# Appendix Thirteen Shape Finder Shape Finder Chapter Overview

• Slides: 18

Appendix Thirteen Shape Finder

Shape Finder Chapter Overview Training Manual – In Simulation, performing shape optimization is based on a linear static structural analysis. – It is assumed that the user has already covered Chapter 4 Linear Static Structural Analysis prior to this section. • The capabilities described in this section are generally applicable to ANSYS Design. Space Entra licenses and above. – Some options discussed in this chapter may require more advanced licenses, but these are noted accordingly. ANSYS Workbench – Simulation • In this chapter, using the Shape Finder in Simulation will be covered. – Other type of analyses are covered in their respective chapters. March 29, 2005 Inventory #002215 A 13 -2

Shape Finder Basics of Shape Optimization Training Manual – Shape Finder is an optimization problem, where the energy of structural compliance is minimized based on a volume reduction constraint – Another way to view this is that the Shape Finder tries to obtain the best stiffness to volume ratio. The Shape Finder tries to find areas where material can be removed without adversely affecting the strength of the overall structure. – The Shape Finder is based on a single static structural environment • The Shape Finder cannot be used for multiple environments • The Shape Finder currently cannot be used for free vibration, thermal, or other analyses ANSYS Workbench – Simulation • Requesting the Shape Finder performs shape or topological optimization • Although based on a single static structural analysis, because it is an optimization, many iterations will be performed internally, so it can be computationally expense. March 29, 2005 Inventory #002215 A 13 -3

Shape Finder Basics of Shape Optimization Training Manual – Shape optimization is useful for conceptual designs or performing weight-reduction on existing designs Model shown is from a sample Inventor assembly. ANSYS Workbench – Simulation • In the example below, a simple assembly has supports and a bolt load. The Shape Finder allows the user to determine where material may be removed for the given loading condition, if weight reduction was sought. March 29, 2005 Inventory #002215 A 13 -4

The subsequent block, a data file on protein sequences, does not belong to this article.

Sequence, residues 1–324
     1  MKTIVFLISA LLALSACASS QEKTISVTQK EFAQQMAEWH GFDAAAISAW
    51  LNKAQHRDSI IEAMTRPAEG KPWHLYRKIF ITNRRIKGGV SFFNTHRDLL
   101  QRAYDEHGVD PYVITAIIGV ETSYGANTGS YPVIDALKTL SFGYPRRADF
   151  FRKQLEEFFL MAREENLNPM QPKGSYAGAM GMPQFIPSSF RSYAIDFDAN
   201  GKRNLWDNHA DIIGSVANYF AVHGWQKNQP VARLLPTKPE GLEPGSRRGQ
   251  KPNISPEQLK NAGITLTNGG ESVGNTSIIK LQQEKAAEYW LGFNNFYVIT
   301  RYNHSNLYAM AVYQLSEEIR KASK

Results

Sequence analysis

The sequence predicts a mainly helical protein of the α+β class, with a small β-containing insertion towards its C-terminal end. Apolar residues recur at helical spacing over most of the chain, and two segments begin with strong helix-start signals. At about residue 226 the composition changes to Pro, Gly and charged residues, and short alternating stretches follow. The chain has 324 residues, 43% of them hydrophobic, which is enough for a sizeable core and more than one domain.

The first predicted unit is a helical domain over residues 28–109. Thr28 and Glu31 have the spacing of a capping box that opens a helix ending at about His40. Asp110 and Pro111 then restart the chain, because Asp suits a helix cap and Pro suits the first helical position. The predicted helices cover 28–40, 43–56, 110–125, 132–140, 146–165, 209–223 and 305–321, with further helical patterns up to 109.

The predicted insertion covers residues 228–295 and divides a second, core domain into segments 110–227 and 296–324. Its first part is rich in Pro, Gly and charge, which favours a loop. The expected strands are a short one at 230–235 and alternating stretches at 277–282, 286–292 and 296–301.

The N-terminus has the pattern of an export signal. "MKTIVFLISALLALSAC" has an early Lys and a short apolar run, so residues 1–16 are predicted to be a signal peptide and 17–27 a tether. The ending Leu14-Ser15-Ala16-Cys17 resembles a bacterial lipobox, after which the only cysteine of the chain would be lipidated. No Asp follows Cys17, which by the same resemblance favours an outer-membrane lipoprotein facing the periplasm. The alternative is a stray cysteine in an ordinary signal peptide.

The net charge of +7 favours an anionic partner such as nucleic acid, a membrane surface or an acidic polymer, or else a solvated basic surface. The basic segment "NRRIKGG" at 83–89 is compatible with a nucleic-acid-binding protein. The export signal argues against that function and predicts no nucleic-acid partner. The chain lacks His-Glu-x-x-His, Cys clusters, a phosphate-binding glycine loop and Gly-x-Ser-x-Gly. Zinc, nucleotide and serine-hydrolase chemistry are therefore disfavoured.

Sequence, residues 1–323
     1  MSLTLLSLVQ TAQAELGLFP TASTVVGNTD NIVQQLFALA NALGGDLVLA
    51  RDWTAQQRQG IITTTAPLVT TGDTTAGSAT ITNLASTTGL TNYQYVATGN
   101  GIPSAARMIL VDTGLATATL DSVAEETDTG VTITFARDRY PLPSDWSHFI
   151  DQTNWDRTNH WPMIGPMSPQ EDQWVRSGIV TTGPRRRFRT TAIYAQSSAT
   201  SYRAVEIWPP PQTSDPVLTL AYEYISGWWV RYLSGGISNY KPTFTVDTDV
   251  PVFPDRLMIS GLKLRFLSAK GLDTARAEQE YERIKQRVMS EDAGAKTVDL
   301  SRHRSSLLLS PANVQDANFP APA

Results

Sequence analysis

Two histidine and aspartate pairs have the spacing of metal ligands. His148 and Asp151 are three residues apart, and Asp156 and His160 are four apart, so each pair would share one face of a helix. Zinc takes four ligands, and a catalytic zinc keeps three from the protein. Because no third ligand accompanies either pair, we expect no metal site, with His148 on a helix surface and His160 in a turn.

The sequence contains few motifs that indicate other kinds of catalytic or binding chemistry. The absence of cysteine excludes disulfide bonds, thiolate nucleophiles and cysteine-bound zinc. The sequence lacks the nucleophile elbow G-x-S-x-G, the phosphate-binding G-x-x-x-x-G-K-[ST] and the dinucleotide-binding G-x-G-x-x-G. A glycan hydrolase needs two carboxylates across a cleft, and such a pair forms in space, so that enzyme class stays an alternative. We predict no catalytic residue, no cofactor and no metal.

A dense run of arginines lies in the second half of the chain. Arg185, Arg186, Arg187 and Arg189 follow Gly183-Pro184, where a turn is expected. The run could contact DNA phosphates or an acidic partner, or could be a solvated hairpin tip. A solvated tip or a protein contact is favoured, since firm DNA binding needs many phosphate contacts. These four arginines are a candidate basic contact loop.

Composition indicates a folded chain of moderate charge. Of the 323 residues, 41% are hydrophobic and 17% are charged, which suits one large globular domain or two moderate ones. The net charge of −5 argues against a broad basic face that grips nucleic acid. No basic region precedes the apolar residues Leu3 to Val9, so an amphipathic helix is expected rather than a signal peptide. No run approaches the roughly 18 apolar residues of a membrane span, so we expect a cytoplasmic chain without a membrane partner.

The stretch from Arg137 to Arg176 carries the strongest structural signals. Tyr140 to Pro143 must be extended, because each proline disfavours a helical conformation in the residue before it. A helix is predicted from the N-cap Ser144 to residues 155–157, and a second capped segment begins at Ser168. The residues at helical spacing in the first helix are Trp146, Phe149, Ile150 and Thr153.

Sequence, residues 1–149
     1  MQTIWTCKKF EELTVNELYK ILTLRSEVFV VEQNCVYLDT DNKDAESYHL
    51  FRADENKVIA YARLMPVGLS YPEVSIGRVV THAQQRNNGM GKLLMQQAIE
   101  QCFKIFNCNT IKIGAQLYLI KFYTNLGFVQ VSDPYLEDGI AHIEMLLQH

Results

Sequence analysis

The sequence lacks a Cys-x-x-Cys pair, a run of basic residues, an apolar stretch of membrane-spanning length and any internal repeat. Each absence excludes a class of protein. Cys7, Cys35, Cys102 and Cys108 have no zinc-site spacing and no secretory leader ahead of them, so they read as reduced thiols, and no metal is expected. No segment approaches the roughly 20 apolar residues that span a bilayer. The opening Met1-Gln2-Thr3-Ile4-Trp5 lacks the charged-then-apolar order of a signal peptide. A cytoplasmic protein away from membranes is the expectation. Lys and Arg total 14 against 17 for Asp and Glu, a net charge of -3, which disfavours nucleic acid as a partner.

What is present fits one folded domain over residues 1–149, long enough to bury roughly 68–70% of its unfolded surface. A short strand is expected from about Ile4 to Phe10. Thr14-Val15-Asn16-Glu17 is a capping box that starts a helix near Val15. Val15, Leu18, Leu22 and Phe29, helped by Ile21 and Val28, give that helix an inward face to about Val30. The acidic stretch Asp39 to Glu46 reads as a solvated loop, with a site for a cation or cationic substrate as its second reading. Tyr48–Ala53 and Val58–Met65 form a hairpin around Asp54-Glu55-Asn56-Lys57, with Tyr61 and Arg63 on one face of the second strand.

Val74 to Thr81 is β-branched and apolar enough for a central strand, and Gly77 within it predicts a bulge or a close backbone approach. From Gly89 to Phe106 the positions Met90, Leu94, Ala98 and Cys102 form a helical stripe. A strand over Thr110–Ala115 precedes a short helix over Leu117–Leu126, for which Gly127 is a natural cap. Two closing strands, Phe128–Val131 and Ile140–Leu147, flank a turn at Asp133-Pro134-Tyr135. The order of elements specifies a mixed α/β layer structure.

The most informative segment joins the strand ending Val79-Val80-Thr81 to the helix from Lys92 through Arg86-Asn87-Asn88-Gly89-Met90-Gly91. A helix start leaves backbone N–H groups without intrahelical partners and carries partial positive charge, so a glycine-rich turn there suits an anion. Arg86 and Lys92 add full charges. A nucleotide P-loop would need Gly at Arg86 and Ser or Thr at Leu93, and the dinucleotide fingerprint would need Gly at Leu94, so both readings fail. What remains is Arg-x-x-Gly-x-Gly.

Shape Finder A. Shape Optimization Procedure Training Manual – Attach Geometry – Assign Material Properties – Define Contact Regions (if applicable) – Define Mesh Controls (optional) – Insert Loads and Supports – Request Shape Finder Results – Set Shape Finder Options – Solve the Model ANSYS Workbench – Simulation • The shape optimization procedure is very similar to performing a linear static analysis, so not all steps will be covered in detail. The steps in yellow italics are specific to shape optimization analyses. – Review Results March 29, 2005 Inventory #002215 A 13 -5

Shape Finder … Geometry and Material Properties Training Manual – Line or surface bodies cannot be used with the Shape Finder • For material properties, Young’s Modulus and Poisson’s Ratio are required – If acceleration (and other inertial loads) are present, mass density is also required – If thermal loading is present, coefficient of thermal expansion and thermal conductivity are also required ANSYS Workbench – Simulation • Unlike linear static analyses, only solid bodies can be used for shape optimization March 29, 2005 Inventory #002215 A 13 -6

Shape Finder … Contact Regions Training Manual – Because shape optimization requires multiple iterations, if nonlinear contact is present, the overall solution will take longer • Since line and surface bodies are not supported in Shape Finder, edge contact and spot welds cannot be used. ANSYS Workbench – Simulation • Any type of face-to-face contact may be included with Shape Finder March 29, 2005 Inventory #002215 A 13 -7

Shape Finder … Mesh Controls Training Manual – As with other analyses, this is also true for shape optimization. A finer mesh will be computationally more expensive, but the areas where material can be removed will be much more clearly defined, as shown in the example below: Model shown is from a sample Unigraphics assembly. ANSYS Workbench – Simulation • The density of the mesh affects the fidelity of the solution March 29, 2005 Inventory #002215 A 13 -8

Shape Finder … Requesting Results Training Manual – Under the Solution branch, the Shape Finder result(s) can be requested • No other type of result can be requested. If a stress analysis is desired, duplicate the Environment branch, then request displacement and stress/strain results. – For Shape Finder, simply specify the target reduction amount (default is 20% reduction) • Note that too much reduction of material will result in a truss-like structure ANSYS Workbench – Simulation • For shape optimization, only the Shape Finder results are valid March 29, 2005 Inventory #002215 A 13 -10